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"Floating toilets" offer hope for river communities

Thousands make a living by rice cultivation, and many more live in floating villages on the Mekong River and Tonle Sap
(Tharum Bun/IRIN)

A toilet now in the development stage could improve the health of thousands living in Cambodia’s impoverished river communities.

River communities’ homes are typically built on floating platforms and moved seasonally, and rarely have proper latrines. Occupants use the river – the same water they use for drinking, cooking and washing.

The health risks are high: according to Resource Development International–Cambodia, a faith-based NGO, 74 percent of all deaths are due to waterborne diseases, including diarrhoea.

Cambodia has one of the highest infant and under-five mortality rates in the region, at 97 and 141 per 1,000 live births, the UN Children’s Fund (UNICEF) reports.

Many rural Cambodians see latrines as filthy, preferring open defecation as being more natural.

“It’s not a poverty issue. Some wealthy people in the countryside don’t have good sanitation, and some poor families do have it,” Chea Samnan, director of rural healthcare for the Ministry of Rural Development, said. “It’s an issue of access to the right information.”

As part of its "River of Life" profect, Lien Aid, a Singaporean-based NGO, is working on what it describes as a “floating toilet”. The toilets - built on floating platforms and attached to homes – will effectively prevent faeces from entering the water.

“We are still in the preliminary stages of testing out the prototypes,” Sahari Ani, Lien Aid’s head, told IRIN.

Eco-sanitation design

The device has three components - a superstructure, a urine diversion pan, and a space for a removable bucket or container for waste material.

Central to the design is the pan itself, effectively separating urine from faeces. A separate section of the pan allows for anal washing.

Materials such as dry soil, ash and wood chips can be added to excreta, thereby reducing odour and pathogens, while cutting the volume of waste.

The semi-decomposed faeces is then treated at a secondary storage chamber for complete decomposition and pathogen destruction, while the nutrient-heavy urine could be used as fertilizer after removal.

Commenting on the merits of the pan, Judy Hagan, project manager of a different operator, the Tonle Sap Floating Latrine Design Project, said separating the two waste materials reduced the bulk and mass of the faeces that needed to be treated, making it more viable in a floating environment.

A side of the urine diversion pan. The hole on the far right is for urine, the middle for feces and the third for anal washing

Lien Aid
A side of the urine diversion pan. The hole on the far right is for urine, the middle for feces and the third for anal washing
Thursday, July 9, 2009
"Floating toilets" offer hope for river communities...
A side of the urine diversion pan. The hole on the far right is for urine, the middle for feces and the third for anal washing

Photo: Lien Aid
A sideview of the urine diversion pan. The hole on the far right is for urine, the middle for feces and the third for anal washing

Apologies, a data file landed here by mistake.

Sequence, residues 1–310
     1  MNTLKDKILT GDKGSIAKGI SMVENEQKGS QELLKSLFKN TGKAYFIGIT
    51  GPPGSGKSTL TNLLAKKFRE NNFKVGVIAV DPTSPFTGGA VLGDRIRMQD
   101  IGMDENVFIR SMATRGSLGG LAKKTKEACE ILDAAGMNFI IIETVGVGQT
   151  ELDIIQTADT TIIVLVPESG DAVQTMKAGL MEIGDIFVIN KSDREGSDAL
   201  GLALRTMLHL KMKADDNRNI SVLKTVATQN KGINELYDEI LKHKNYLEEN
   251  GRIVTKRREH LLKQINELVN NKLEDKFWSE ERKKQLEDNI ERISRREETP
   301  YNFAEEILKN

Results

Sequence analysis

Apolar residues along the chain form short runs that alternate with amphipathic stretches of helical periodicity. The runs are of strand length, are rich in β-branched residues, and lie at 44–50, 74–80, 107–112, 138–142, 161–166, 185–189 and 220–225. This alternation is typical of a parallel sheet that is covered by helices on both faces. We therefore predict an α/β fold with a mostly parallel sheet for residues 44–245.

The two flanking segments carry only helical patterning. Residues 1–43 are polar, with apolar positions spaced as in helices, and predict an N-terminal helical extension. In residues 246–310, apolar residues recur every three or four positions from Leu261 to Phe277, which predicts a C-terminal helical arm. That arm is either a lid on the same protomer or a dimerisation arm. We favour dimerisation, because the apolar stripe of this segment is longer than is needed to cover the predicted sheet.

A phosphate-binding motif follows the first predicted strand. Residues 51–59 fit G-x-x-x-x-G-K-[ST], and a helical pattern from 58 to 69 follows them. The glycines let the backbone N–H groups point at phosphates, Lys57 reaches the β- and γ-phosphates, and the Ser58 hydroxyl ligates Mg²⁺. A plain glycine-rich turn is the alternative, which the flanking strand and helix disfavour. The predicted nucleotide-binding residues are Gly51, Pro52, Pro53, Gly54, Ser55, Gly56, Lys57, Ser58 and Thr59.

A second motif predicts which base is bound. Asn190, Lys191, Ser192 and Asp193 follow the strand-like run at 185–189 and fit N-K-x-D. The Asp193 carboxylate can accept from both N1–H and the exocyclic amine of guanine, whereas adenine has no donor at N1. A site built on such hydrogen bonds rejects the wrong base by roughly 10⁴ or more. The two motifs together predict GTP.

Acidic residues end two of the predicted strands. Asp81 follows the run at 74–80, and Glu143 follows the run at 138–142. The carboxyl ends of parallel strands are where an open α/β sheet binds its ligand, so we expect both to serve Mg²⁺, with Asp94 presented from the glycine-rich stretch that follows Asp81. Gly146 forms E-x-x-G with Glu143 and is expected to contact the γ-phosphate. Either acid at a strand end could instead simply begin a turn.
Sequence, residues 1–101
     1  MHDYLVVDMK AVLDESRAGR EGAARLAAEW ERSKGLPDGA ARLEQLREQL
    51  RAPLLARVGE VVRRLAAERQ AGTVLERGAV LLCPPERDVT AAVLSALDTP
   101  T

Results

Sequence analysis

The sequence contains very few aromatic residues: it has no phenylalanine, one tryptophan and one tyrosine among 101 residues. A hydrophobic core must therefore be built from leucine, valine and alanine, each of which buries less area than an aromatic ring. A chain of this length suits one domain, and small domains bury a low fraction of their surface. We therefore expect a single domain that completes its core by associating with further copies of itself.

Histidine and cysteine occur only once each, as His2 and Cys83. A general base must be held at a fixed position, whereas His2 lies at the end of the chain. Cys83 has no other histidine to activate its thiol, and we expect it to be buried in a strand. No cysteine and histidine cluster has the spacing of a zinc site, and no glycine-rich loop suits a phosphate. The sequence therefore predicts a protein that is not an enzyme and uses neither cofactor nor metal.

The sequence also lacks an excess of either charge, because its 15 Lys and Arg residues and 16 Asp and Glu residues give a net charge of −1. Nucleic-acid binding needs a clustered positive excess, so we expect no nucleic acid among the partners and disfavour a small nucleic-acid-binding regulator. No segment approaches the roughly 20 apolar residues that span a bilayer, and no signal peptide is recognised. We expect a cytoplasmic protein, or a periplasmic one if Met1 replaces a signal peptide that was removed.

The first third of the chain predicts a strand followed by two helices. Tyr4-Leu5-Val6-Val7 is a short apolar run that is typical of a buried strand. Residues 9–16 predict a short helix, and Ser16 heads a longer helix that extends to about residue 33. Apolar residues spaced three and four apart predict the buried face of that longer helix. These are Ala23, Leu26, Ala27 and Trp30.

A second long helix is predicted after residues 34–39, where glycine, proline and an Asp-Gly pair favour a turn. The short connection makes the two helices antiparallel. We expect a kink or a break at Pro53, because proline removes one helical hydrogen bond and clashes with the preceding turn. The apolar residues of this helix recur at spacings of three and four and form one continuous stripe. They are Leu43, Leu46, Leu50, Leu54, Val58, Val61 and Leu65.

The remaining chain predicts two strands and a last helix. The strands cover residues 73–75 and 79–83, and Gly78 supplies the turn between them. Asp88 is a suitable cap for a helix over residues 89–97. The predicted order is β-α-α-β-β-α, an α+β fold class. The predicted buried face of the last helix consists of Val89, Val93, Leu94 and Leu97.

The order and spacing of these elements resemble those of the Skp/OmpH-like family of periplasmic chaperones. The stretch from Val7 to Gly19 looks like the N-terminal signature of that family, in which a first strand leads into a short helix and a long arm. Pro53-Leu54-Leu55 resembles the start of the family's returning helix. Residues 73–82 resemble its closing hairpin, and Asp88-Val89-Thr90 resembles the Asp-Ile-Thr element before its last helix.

Key challenges

But introducing such concepts in a country like Cambodia will not be easy.

As floating river communities exist only in Cambodia and a handful of other Asian nations, latrines designed specifically for their needs are rare and expensive.

Added to this is the country’s lack of qualified engineers, poor sanitation infrastructure and low level of hygiene awareness.

“The more difficult challenge is to help the community build up the human resources necessary to make the venture financially sustainable over the long term,” Sahari Ani said.

According to the World Bank, only 16 percent of rural Cambodians have a proper toilet, the lowest level in Southeast Asia.

Moreover, despite the country’s abundant freshwater rivers and lakes, 60 percent of its population do not have access to safe water and 85 percent are without adequate sanitation, Lien Aid stated.

Cost effectiveness

While an exact price for the device is still being determined, the NGO hopes costs can be kept to a minimum, with families possibly purchasing building material in bulk to keep down costs.

One-third of Cambodians live on less than US$0.50 a day, according to government statistics, making cost a significant factor.

“We will still try to keep costs down by exploring the use of [local] materials and by encouraging local entrepreneurs to manufacture the required parts,” Lien Aid’s head explained.

Although fairly new, villagers in Cambodia have already been learning how to construct cheaper latrines for as little as $15 each from the community-led total sanitation programme, started in 2005 by UNICEF and Cambodia’s Ministry of Rural Development.

And while not of the floating toilet type, the self-built, cost-effective latrines could provide further impetus to the floating toilet prototype once their use becomes more widespread.


This article was produced by IRIN News while it was part of the United Nations Office for the Coordination of Humanitarian Affairs. Please send queries on copyright or liability to the UN. For more information: https://shop.un.org/rights-permissions

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